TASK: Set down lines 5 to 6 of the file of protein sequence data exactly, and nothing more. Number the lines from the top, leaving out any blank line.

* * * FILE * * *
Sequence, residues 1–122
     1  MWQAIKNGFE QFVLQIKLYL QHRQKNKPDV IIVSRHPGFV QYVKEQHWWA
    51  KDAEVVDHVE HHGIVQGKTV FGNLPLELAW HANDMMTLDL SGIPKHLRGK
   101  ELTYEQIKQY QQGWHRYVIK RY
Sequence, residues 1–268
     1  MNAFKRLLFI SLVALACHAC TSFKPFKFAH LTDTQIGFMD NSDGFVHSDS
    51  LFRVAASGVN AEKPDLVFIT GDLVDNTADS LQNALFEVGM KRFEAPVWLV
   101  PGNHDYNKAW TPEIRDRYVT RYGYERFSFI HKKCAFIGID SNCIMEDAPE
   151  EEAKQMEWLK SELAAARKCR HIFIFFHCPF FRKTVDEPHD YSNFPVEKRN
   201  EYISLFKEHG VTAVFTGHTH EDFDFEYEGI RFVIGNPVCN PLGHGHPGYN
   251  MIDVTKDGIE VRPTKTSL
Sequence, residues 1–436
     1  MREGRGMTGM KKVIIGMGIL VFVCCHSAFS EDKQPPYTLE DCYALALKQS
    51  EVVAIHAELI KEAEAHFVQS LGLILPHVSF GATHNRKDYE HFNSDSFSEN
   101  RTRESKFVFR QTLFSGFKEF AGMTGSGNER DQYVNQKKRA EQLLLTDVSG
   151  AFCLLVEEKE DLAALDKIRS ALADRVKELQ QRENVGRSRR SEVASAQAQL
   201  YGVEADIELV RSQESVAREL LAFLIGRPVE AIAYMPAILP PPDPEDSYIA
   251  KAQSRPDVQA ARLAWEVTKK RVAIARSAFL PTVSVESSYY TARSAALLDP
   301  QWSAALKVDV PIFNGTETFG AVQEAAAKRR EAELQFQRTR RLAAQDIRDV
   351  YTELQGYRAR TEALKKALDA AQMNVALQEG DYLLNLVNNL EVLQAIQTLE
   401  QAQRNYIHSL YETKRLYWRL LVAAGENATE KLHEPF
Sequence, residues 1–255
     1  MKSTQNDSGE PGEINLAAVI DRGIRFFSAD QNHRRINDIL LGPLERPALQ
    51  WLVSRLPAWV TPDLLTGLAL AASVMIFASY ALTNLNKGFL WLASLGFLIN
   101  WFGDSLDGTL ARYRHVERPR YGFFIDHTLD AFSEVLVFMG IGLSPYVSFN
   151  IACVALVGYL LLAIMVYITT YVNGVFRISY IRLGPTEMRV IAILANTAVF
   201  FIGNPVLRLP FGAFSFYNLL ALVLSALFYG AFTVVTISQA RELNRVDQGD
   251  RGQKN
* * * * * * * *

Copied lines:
Sequence, residues 1–268
     1  MNAFKRLLFI SLVALACHAC TSFKPFKFAH LTDTQIGFMD NSDGFVHSDS